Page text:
Talk:Flight Architectures

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LOR was chosen because it could be done with a single launch of the Saturn V. The single launch requirement was mandated by the fact that, when the mission mode was decided on, we had zero experience with spaccraft rendezvous and docking.

[interesting since the LOR requires two dockings, while EOR requires only one, or more, but I think the 'selected' mission was Direct - GES]

If you are using smaller-scale rockets for a manned mission, with a 8:1 or more LEO mass:Lunar Payload Delivered ratio, you will get a much more robust vehicle if you can do EOR. This fairly screams for a reusable shuttle which is not as complex to operate as NASA has made it seem. A small fleet based on modular elements operated incycles will do the job. Individual payloads can be around 2500 kilograms with maybe ten assembly flights plus the crew delivery. (The operative point is to keep it small-scale.) That sounds expensive if you are used to thinking in terms of assembling a new spacecraft from scratch with every launch. If you are only servicing the same spacecraft, your only real expense, between flights then you can realize savings over long term.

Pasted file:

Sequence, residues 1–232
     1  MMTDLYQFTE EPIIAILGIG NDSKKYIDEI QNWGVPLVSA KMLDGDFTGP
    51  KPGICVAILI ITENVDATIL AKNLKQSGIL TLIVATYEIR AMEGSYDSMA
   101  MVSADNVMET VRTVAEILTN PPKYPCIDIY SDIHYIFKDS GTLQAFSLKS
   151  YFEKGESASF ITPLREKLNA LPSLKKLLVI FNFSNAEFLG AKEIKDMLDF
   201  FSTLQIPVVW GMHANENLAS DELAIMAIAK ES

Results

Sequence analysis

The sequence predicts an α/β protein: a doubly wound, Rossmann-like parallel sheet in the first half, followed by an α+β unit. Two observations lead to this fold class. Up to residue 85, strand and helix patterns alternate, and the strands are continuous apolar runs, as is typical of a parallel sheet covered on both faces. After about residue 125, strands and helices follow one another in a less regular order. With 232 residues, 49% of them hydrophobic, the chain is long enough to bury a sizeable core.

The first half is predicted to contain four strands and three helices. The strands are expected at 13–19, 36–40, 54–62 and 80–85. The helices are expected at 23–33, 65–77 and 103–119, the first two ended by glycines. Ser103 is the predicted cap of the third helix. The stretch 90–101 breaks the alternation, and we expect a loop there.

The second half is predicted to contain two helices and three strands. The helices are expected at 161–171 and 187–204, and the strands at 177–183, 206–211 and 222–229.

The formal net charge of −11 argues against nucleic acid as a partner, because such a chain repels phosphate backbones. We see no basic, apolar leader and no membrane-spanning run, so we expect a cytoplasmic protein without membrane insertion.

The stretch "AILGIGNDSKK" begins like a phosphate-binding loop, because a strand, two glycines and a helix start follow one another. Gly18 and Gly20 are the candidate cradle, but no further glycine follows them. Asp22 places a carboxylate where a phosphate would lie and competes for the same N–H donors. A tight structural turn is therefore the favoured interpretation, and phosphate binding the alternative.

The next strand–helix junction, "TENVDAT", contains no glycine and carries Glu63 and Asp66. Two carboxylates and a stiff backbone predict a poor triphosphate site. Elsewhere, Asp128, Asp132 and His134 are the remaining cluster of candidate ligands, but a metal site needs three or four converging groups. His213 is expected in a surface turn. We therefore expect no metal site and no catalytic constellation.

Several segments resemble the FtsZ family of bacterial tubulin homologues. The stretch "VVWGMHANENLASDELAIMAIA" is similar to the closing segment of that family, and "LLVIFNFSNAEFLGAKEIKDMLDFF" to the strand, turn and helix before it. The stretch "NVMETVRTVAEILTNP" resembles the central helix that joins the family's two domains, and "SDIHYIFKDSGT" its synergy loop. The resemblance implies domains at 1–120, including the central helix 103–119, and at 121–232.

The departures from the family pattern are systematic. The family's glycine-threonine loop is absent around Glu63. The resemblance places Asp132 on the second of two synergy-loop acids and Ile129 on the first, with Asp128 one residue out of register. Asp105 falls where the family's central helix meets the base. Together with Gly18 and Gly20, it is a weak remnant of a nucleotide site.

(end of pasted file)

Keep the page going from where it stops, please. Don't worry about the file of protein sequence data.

If you are expecting more than two or three flights to the Moon per year, you would be wise to establish a spacecraft storage facility on orbit, particularly if you only have one launch pad on Earth to start with. This is only a step away from being a propellant depot and, much later, a servicing center.

Space Jockey

I am a rather large fan of the concept described in RAH's "Space Jockey" three separate craft to do three very different jobs, but it will take time and infrastructure (= $$$M).

I would like to start developing that infrastructure once we build the Outpost and start servicing it. Once we start bring people and hardware out there regularly. I'm not sure how we can afford it in the meantime.

Just my own thoughts, that may or may not be right, and I certainly do not speak for the group in this.

--Paul 03:43, 9 October 2008 (UTC)

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